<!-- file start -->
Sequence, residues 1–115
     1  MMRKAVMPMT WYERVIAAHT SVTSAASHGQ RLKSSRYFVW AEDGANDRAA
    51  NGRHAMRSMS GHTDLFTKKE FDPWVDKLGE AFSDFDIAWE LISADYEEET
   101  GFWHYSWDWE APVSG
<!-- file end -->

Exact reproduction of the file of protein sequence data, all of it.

Sequence, residues 1–115
     1  MMRKAVMPMT WYERVIAAHT SVTSAASHGQ RLKSSRYFVW AEDGANDRAA
    51  NGRHAMRSMS GHTDLFTKKE FDPWVDKLGE AFSDFDIAWE LISADYEEET
   101  GFWHYSWDWE APVSG